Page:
Yanagihara (The People in the Trees, 2013) takes the still-bold leap of writing about characters who don’t share her background; in addition to being male, JB is African-American, Malcolm has a black father and white mother, Willem is white, and “Jude’s race was undetermined”—deserted at birth, he was raised in a monastery and had an unspeakably traumatic childhood that’s revealed slowly over the course of the book. Two of them are gay, one straight and one bisexual. There isn’t a single significant female character, and for a long novel, there isn’t much plot. There aren’t even many markers of what’s happening in the outside world; Jude moves to a loft in SoHo as a young man, but we don’t see the neighborhood change from gritty artists’ enclave to glitzy tourist destination. What we get instead is an intensely interior look at the friends’ psyches and relationships, and it’s utterly enthralling. The four men think about work and creativity and success and failure; they cook for each other, compete with each other and jostle for each other’s affection. JB bases his entire artistic career on painting portraits of his friends, while Malcolm takes care of them by designing their apartments and houses. When Jude, as an adult, is adopted by his favorite Harvard law professor, his friends join him for Thanksgiving in Cambridge every year. And when Willem becomes a movie star, they all bask in his glow. Eventually, the tone darkens and the story narrows to focus on Jude as the pain of his past cuts deep into his carefully constructed life.  

The phrase “tour de force” could have been invented for this audacious novel.

Pub Date: March 10, 2015

ISBN: 978-0-385-53925-8

Page Count: 720

Publisher: Doubleday

Review Posted Online: Dec. 22, 2014

Kirkus Reviews Issue: Jan. 1, 2015

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A strict report, worthy of sympathy.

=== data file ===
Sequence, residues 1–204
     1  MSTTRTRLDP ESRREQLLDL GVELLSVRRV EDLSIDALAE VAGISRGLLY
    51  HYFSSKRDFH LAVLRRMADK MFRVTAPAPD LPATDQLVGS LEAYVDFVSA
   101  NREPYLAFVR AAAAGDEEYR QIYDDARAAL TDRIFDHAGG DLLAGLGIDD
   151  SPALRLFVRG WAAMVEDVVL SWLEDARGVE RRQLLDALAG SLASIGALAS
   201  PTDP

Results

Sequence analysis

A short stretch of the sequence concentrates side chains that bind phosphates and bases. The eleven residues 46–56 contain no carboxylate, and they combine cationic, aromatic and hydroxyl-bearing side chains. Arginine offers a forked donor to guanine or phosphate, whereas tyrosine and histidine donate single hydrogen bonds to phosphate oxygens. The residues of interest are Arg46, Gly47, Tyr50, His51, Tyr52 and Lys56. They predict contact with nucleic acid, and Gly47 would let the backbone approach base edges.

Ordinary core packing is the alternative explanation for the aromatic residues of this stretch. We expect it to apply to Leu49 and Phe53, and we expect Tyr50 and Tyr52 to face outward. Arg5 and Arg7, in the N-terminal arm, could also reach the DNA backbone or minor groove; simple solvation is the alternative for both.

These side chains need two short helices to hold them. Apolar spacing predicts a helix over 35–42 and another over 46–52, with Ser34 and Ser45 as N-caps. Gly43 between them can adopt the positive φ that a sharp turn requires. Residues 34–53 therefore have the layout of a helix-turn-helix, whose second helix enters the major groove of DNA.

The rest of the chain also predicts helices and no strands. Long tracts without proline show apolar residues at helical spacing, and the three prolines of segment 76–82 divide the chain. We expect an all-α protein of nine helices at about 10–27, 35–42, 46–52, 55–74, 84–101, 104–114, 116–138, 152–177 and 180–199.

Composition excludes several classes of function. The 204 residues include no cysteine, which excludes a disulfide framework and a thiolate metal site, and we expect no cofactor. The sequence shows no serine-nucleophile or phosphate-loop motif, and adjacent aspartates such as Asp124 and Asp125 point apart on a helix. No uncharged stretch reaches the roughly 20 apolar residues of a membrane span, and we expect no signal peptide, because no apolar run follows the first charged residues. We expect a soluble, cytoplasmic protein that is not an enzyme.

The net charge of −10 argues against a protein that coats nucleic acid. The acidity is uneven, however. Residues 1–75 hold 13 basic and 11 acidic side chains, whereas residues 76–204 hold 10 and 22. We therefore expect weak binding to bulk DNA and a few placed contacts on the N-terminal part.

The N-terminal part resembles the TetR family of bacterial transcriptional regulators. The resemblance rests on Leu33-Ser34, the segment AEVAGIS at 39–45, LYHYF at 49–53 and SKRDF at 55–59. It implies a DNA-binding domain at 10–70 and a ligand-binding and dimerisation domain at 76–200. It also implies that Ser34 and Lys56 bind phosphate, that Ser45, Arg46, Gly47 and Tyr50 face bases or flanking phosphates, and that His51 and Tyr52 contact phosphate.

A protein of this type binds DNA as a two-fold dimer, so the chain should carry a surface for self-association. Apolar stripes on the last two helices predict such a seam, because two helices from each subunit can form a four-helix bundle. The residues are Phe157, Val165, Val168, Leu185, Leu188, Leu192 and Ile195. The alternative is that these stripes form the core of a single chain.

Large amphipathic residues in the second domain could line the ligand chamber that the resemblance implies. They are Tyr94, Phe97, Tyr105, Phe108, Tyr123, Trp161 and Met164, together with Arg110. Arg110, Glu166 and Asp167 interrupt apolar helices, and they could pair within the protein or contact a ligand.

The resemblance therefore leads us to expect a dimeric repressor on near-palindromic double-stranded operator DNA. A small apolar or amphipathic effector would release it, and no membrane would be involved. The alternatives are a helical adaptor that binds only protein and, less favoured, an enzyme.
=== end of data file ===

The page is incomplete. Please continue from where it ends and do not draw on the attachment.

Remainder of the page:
A violent surfacing of adolescence (which has little in common with Tarkington's earlier, broadly comic, Seventeen) has a compulsive impact.

"Nobody big except me" is the dream world of Holden Caulfield and his first person story is down to the basic, drab English of the pre-collegiate. For Holden is now being bounced from fancy prep, and, after a vicious evening with hall- and roommates, heads for New York to try to keep his latest failure from his parents. He tries to have a wild evening (all he does is pay the check), is terrorized by the hotel elevator man and his on-call whore, has a date with a girl he likes—and hates, sees his 10 year old sister, Phoebe. He also visits a sympathetic English teacher after trying on a drunken session, and when he keeps his date with Phoebe, who turns up with her suitcase to join him on his flight, he heads home to a hospital siege. This is tender and true, and impossible, in its picture of the old hells of young boys, the lonesomeness and tentative attempts to be mature and secure, the awful block between youth and being grown-up, the fright and sickness that humans and their behavior cause the challenging, the dramatization of the big bang. It is a sorry little worm's view of the off-beat of adult pressure, of contemporary strictures and conformity, of sentiment….

A strict report, worthy of sympathy.

Pub Date: June 15, 1951

ISBN: 0316769177

Page Count: -

Publisher: Little, Brown

Review Posted Online: Nov. 2, 2011

Kirkus Reviews Issue: June 15, 1951